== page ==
Only One Side Counts
I’ve been meaning to note Bob Kerr’s continued function as the elder statesman who says what the younger folks must strive to keep to themselves at the Providence Journal. Here’s the crux of his Wednesday column:
You might remember protest. It’s an honored American tradition. It’s how this whole thing got started. People speak out and other people are moved to think about things they hadn’t thought about before. …
This is not the golden age of protest. Despite the brutal cost of two misguided wars and an economy knocked cruelly out of balance, it is difficult to move people to take their feelings out in public.
It might be fear, it might be indifference, it might be the desire to stay comfy and cozy at any cost.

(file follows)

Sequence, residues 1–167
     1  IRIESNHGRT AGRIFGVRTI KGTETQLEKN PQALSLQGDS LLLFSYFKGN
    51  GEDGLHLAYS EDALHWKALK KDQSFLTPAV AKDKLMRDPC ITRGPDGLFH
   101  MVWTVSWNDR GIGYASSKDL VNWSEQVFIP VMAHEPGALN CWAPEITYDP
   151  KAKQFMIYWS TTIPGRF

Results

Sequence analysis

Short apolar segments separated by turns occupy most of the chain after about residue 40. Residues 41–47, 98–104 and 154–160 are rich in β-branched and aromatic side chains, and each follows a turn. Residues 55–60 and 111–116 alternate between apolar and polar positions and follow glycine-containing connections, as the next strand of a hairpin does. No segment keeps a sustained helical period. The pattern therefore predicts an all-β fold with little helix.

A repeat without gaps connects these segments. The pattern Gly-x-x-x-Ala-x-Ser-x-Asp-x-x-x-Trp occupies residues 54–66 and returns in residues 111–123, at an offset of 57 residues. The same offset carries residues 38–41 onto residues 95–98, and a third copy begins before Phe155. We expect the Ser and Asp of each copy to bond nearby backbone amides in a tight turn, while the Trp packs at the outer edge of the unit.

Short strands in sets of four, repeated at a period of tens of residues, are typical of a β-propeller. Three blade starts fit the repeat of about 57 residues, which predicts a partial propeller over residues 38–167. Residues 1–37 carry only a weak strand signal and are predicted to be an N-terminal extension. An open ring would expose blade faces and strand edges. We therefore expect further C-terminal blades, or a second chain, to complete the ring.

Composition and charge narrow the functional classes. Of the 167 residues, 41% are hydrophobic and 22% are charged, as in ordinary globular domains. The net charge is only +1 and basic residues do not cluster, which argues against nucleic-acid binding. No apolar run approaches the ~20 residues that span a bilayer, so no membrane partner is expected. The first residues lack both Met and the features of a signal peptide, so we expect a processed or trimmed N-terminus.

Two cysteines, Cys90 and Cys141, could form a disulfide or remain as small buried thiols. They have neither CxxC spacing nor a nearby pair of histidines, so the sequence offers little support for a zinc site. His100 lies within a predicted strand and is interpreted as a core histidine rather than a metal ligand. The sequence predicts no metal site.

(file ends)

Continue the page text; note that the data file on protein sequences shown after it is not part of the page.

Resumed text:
His purpose, the reader quickly finds, is less to make grand statements about protest culture than to promote a particular protest with which he’s sympathetic. But in his entire column, he offers not one sentence, one phrase, one carefully sharpened jab about the Tea Party movement that has been redefining politics in the United States. In the left’s strained and rigid lexicon, shining ideals like Protest can never be applied to people with whom they disagree.
When the Kerrs of the old guard raise “question authority” to the highest of principles, they conveniently neglect to consider that, as they slipped into their social positions and reached middle age, they themselves became authorities who must be questioned. And so, not only are many deliberate in their refusal to answer, but some try with all their might not to hear the inquiry.